Brown says British carmaking jobs be saved after GM filing for bankruptcy protection

    LONDON, June 1 (Xinhua) -- British Prime Minister Gordon Brown said on Monday that he is confident that many jobs at British carmaker Vauxhall can be saved after its parent company General Motors Corp (GM) filed for bankruptcy protection.

    "We are determined to save as many of the Vauxhall jobs as possible," Brown told Sky News in an interview. "We are confident that we can save a large number of jobs."Full story

80-year-old Canadian retiree saddened by GM's bankruptcy 

   TORONTO, June 1 (Xinhua) -- Beverly Belosky has been fighting for her equal rights for the entire 34 years she worked at General Motors's plant in Oshawa, about 60 kms east of Toronto.

    At age 80, the GM retiree is still fighting to protect the pensions she once thought was secured. Full story

GM kicked out of Dow auto classified index 

    NEW YORK, June 1 (Xinhua) -- General Motors Corp. will be removed from the Dow Jones Automobiles & Parts Titans 30 Index after the automaker filed for bankruptcy on Monday.

    GM will be replaced by Japanese Sumitomo Electric Industries Ltd. in the classified index. And the change will be effective before the opening of trading on Thursday. Full story

Cisco, Travelers to become new members of Dow, replacing GM, Citigroup 

    NEW YORK, June 1 (Xinhua) -- Networking company Cisco Systems will replace General Motors Corp. (GM) in the Dow Jones industrials index, while insurance giant Travelers Companies will take the berth of ailing bank Citigroup in the index, Dow Jones announced on Monday.

    The announcement of the changes of the 30 stocks that make up the best-known benchmark of Wall Street comes as GM, the world largest automaker, filed bankruptcy protection. Full story

Iconic U.S. auto giant GM declares bankruptcy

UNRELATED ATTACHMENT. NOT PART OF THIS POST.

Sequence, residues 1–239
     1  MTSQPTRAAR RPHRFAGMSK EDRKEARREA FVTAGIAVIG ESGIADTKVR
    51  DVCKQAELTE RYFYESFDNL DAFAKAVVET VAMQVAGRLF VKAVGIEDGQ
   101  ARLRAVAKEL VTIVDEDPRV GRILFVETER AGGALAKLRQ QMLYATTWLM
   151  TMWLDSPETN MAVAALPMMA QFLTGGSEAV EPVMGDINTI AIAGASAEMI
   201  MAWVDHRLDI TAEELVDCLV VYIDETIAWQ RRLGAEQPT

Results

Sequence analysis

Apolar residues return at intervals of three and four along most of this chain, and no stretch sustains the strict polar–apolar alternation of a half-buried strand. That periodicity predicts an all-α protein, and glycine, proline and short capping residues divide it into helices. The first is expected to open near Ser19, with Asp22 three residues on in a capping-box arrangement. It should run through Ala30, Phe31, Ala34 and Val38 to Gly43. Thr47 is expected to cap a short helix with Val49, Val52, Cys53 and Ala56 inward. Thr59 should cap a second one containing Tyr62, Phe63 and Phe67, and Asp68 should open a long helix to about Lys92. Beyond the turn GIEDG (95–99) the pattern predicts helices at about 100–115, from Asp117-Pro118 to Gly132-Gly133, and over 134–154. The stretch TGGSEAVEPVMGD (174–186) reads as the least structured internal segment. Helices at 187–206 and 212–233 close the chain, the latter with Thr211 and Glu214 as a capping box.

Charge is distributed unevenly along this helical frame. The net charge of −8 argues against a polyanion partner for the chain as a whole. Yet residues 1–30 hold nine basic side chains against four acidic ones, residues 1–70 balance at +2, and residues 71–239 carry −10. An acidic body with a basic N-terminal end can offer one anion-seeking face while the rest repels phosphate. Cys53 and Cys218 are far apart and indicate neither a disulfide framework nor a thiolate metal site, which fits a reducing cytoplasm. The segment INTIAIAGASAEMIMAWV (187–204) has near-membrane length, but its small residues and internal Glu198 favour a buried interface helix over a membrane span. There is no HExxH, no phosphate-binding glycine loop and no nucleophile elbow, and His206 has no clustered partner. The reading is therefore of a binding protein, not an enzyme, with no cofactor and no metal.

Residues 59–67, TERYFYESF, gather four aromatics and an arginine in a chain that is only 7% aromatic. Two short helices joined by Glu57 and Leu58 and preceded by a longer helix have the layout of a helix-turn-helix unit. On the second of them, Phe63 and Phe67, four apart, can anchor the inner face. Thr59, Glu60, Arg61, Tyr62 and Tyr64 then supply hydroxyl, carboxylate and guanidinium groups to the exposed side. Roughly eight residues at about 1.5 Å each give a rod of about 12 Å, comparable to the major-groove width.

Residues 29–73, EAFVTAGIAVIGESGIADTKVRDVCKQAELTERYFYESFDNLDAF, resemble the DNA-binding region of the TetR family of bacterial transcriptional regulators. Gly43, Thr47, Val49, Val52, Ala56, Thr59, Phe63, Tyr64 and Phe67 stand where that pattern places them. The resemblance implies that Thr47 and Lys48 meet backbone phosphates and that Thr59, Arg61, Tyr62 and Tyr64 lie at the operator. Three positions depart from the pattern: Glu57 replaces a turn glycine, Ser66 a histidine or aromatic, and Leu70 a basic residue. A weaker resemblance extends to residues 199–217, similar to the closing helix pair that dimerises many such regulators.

NEW YORK/DETROIT, June 1 (Xinhua) -- In the largest industrial bankruptcy ever seen in U.S. history, General Motors Corp., the top U.S. automaker and once the world's largest corporation, filed for bankruptcy protection on Monday.

    The Detroit-based company, for decades a symbol of American manufacturing supremacy, corporate culture and even lifestyle, filed a Chapter 11 petition to the U.S. Bankruptcy Court for the Southern District of New York early Monday morning. Full story

GM bankruptcy filing confirmed 

    DETROIT, June 1 (Xinhua) -- Board of Directors of General Motors Corp. confirmed its authorization of the top U.S. automaker's filing for Chapter 11 on Monday, according to a company statement.

    Kent Kresa, chairman of GM Board of Directors, said the decision was made "with regret that this path proved necessary despite the best efforts of so many." Full story

U.S. automaker giant poised for bankruptcy protection

    BEIJING, June 1 (Xinhua) -- The No. 1 U.S. auto maker, General Motors Corp., is poised for bankruptcy protection on Monday as a way to seek a rebirth in the wake of a similar move by its rival Chrysler about one month ago.

    The GM, with a history of more than 100 years, is set to deliver paperwork for its bankruptcy protection at 8 a.m. EDT (1200 GMT), the largest bankruptcy protection case in the U.S. industrial history, said informed sources who asked not to be named.  Full story

Backgrounder: Burning questions about GM's bankruptcy 

    DETROIT, June 1 (Xinhua) -- The largest U.S. automaker General Motors Corp. filed for Chapter 11 bankruptcy on Monday, and a Dtroit News report on gave some questions and answers on the automakers' bankruptcy on the same day.Full story

Special Report:  Global Financial Crisis


Editor: Fang Yang